Wednesday, October 22, 2014

Your "Second Brain," 3

Gluten-free products, so-called, are proliferating. But what really is gluten? Many people seem to be on the gluten-free bandwagon but don’t always seem to even know what gluten is. You may have watched the YouTube segment by Jimmy Kimmel about gluten (see link below). As you may know, gluten is a protein composite, gliadin and glutenin, that is limited to specific members of the grass family, including wheat, barley, and rye. It gives dough its elasticity, helps it to rise, and provides a chewy texture for many products. Some people have a wheat allergy; the immune system treats a component of wheat as a foreign body. Typically this immune response is time-limited with no lasting harm to body tissues. Different from wheat allergies, some individuals with celiac disease experience adverse health issues ranging from bloating, gas, and diarrhea and vomiting, to migraine headaches and joint pain. And different from either wheat allergy or celiac, some experience non-celiac gluten sensitivity (likely a gluten intolerance) that may be caused by a reaction to other components of wheat. Enter FODMAPs.  More tomorrow.

Tuesday, October 21, 2014

Your "Second Brain," 2

Neurons have been identified in the Enteric Nervous System, also known as your GI system—at least a million. That’s one reason some scientists refer to the ENS as the ‘second brain.’ This stance is also changing perspectives on functional gastrointestinal disorders or FGID. For example, irritable bowel syndrome (IBS) is now being referred to as an enteric neuropathy: enteric referring to the bowel and neuropathy indicating that the nerves are functioning sub-optimally. Patricia Raymond, MD, assistant professor of clinical internal medicine at Eastern Virginia Medical School in Norfolk, points out that fiber can function like an on-off switch for IBS. Soluble fiber can slow down movement in the digestive tract, helping with diarrhea. Soluble fiber-rich foods include fruits such as strawberries, blueberries, apples, avocado, dried figs and prunes, oranges, and mango; and veggies such as asparagus, edamame, broccoli, green beans and peas, carrots, plus legumes, oats, barley, and psyllium. Insoluble fiber can speed up movement, alleviating constipation. Insoluble fiber can be found in zucchini, broccoli, cabbage, leafy greens, grapes, root vegetables, whole grains, brown rice, legumes, oats, and nuts. And what does that matter? Neurons in the gut communicate regularly with neurons in the brain. A healthier gut often means a more well-functioning brain. More tomorrow.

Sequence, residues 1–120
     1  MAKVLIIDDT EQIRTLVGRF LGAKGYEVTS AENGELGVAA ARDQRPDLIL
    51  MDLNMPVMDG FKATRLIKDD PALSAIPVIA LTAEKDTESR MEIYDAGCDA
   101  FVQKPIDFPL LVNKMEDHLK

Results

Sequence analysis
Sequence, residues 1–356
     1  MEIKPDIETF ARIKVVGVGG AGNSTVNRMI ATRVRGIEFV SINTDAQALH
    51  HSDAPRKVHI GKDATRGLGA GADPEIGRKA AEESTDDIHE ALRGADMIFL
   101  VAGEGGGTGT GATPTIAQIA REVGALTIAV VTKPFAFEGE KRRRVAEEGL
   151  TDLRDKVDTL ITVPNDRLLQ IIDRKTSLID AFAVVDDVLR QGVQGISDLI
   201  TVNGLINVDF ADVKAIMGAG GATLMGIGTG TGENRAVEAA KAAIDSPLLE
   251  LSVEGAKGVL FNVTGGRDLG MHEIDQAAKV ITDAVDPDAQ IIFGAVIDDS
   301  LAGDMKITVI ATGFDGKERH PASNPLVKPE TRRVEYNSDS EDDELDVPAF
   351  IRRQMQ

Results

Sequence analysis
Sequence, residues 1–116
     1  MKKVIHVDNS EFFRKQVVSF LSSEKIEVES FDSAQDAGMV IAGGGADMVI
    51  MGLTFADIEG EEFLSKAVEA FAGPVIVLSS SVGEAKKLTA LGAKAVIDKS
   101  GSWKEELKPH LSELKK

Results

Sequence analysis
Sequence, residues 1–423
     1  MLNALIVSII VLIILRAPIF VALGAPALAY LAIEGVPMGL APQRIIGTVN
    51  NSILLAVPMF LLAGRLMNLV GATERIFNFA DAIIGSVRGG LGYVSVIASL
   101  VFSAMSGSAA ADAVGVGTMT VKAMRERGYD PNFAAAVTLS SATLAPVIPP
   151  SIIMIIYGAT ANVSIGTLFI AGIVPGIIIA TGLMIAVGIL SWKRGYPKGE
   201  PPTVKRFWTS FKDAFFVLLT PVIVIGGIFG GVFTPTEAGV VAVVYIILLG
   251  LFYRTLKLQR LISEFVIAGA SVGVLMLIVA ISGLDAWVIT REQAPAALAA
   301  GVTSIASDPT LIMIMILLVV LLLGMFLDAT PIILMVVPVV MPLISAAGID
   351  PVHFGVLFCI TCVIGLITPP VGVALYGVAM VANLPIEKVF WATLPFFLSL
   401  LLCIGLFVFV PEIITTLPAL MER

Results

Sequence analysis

Monday, October 20, 2014

Your "Second Brain"

Some researchers are now talking about your “second brain.” What are they referring to? Your Enteric Nervous System or ENS—otherwise known as your gastrointestinal system. What forms the basis for this designation? Neurons. Thinking cells. Your ENS contains a million-plus neurons. They look just like brain neurons, eat the same type of food (neurotrophins), and have at least 30 neurotransmitters in common. Most of the serotonin in your brain and body—perhaps as much as 90%—is found in your gut along with half of all the dopamine. Knowing this it should be no surprise that an upset stomach can trigger a headache and upset emotions can result in a GI upset (e.g., constipation, diarrhea). An excess release of serotonin can cause nausea and vomiting, and so on. There is a close connection between brain and body, specifically between your first and second brains. More tomorrow.

Friday, October 17, 2014

Brain-Heart Health and Cholesterol, 5